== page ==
What is PoE?

Power over Ethernet (PoE) is the term used when the ethernet cable to an electrical device is also used to power that device through Power Sourcing Equipment (PSE). Sourcing power in this way is often preferable for surveillance cameras as it means physical camera placement is not restricted by the need for direct, localised power supply.

In the case of PoE-enabled surveillance cameras, the PSE is typically a PoE switch that communicates with the camera to automatically identify power requirements, i.e. how much wattage is required by the individual device. A PoE switch will not deliver power to a device that is not enabled as it does not know how much power to deliver and, therefore, could damage it.

What is PoE classification?

Any device capable of being powered this way will have a PoE classification (see table below).

These are globally recognised parameters that specify the maximum wattage range a device could need and the minimum power output a PSE device needs to produce in order to meet that requirement (the latter is higher to allow for power loss in transmission over cable length).

Class Usage of Class Maximum Power Levels Output at the PSE Power Range Available to Powered Device Class Description
0 Default  15.4W 0.44 to 12.95W Classification Unimplemented
1 Optional 4.0W 0.44 to 3.84W Very Low Power
2 Optional 7.0W 3.84 to 6.49W Low Power
3 Optional 15.4W 6.49 to 12.95W Mid Power
4 Reserved at 802.3af Treat as Class 0 0.44 to 12.95W Classification Unimplemented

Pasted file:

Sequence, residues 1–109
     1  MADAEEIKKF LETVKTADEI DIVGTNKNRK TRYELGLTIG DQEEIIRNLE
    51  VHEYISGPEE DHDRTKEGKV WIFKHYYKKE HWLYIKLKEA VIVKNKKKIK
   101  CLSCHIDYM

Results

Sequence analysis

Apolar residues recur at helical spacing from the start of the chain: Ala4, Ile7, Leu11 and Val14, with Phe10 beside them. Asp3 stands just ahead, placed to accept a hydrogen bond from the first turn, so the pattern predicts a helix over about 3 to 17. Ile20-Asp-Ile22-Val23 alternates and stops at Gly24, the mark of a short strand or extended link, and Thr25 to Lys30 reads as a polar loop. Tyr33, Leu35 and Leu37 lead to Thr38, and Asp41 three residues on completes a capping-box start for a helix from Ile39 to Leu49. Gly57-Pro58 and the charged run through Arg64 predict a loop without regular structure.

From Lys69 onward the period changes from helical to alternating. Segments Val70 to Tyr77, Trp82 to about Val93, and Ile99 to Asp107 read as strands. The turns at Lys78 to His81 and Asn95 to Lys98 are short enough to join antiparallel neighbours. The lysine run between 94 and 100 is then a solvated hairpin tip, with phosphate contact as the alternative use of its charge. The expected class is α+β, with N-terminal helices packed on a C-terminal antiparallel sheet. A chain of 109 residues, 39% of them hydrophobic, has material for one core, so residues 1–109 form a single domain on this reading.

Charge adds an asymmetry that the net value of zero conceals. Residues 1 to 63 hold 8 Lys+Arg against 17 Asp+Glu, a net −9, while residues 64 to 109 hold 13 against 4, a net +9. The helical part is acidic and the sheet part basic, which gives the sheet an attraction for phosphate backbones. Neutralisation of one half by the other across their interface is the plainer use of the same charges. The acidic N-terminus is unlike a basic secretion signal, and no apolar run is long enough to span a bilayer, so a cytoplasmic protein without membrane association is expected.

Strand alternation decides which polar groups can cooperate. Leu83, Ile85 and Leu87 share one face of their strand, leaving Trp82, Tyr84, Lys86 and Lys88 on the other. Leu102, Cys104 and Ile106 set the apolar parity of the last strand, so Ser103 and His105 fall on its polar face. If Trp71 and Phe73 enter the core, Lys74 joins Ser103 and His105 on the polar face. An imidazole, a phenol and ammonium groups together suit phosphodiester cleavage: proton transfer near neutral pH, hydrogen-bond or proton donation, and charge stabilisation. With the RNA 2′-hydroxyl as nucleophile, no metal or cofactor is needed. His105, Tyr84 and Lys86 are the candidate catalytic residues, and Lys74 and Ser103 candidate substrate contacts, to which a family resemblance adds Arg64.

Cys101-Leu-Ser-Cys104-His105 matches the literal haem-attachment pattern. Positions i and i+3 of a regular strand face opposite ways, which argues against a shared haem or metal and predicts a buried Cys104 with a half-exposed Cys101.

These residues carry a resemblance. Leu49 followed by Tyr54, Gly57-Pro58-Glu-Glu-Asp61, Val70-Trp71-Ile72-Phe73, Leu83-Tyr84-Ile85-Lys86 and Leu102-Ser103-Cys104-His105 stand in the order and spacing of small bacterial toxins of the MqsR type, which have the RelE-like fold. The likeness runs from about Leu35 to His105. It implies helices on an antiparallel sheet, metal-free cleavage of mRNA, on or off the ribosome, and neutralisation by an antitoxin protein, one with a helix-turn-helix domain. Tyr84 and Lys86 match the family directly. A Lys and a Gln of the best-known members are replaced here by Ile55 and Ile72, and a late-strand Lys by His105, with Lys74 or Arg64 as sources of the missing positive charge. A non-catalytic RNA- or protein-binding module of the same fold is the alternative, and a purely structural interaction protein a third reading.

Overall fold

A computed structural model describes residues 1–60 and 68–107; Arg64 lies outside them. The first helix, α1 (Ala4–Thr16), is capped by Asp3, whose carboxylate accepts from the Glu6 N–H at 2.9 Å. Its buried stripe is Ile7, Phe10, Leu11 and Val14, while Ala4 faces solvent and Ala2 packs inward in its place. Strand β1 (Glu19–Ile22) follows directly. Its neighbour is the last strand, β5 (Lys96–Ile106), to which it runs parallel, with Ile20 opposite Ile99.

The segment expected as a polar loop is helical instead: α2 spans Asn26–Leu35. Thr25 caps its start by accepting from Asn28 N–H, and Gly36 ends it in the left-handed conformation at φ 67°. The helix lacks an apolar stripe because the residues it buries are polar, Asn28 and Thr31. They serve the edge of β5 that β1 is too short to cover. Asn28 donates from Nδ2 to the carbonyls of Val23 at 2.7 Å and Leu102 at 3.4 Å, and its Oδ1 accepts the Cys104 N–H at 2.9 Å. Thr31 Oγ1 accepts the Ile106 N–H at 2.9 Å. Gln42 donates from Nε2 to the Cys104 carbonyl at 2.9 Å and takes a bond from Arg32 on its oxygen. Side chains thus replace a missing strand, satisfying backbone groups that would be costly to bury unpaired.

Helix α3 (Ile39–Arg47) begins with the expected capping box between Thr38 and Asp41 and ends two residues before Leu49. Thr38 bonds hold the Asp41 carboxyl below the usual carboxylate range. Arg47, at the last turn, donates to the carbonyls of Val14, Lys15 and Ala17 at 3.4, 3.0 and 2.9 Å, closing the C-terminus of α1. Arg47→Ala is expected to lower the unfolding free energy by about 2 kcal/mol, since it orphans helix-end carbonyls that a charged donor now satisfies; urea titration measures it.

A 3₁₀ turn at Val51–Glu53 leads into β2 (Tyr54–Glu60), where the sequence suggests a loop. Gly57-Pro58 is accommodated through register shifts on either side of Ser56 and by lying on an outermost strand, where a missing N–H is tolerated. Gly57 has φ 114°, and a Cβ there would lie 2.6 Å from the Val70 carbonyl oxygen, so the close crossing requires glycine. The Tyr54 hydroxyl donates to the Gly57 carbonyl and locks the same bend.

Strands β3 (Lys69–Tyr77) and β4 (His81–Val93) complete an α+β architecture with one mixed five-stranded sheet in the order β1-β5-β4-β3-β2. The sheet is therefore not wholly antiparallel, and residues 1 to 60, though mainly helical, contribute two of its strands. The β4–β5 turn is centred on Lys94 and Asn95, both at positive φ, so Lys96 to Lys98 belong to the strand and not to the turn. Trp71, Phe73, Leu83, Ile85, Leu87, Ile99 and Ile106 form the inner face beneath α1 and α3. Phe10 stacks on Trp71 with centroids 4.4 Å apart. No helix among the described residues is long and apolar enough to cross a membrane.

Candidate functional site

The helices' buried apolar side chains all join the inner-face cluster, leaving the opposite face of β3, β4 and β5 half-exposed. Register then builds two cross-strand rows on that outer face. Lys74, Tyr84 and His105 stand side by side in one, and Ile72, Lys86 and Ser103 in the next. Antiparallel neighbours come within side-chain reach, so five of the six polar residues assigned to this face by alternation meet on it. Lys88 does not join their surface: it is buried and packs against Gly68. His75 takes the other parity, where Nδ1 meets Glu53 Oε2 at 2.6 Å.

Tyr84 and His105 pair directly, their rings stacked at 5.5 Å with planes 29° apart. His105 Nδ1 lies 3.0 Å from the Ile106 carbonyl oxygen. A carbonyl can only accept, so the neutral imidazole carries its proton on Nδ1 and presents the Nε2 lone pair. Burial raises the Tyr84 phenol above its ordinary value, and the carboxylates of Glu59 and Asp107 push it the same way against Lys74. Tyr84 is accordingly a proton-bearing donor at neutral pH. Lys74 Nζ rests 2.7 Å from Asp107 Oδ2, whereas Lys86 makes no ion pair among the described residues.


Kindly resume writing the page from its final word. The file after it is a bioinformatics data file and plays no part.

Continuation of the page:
4 Reserved at 802.3af 30W 12.95 to 25.5W High Power


Most surveillance cameras have a power requirement of over 7W and are, therefore, at least Class 3. PTZ cameras are typically at least Class 4 because moving the pan and tilt part of the camera requires more power. It is important to recognise that a camera’s PoE classification may have to take into account additional options that might be available, such as IR LEDs, even if they are not present on the actual camera unit installed.

Understanding maximum range

Classification is done as a maximum range, e.g. Class 0 = 0.44 to 12.95W. This means that even if a camera does not need the maximum power specified by its PoE classification all the time, the PoE switch has to ensure the full amount. In this case, 12.95W is available if needed.

Unused power cannot be reallocated to another more power-hungry device on the same switch unless this is done manually using a fully managed switch, which is typically more expensive. It is also worth noting that cameras with dual power sourcing, i.e. able to switch between direct power and PoE for network failure protection, would still be allocated the maximum wattage they might require even if PoE is never used.

Power + PoE classification = best solution

PoE classification provides an important international mechanism for network specification, but because it is based on a maximum range basis, the most effective system design takes into account device power specification and PoE classification. This gives the clearest picture of requirements and capabilities.

System design consideration checklist:

  • How many cameras are required for the system?
  • What types of cameras are required?
  • What power does each camera need?
  • Calculate network switch requirements based on the number of cameras and PoE classification
  • Redundancy
  • Failover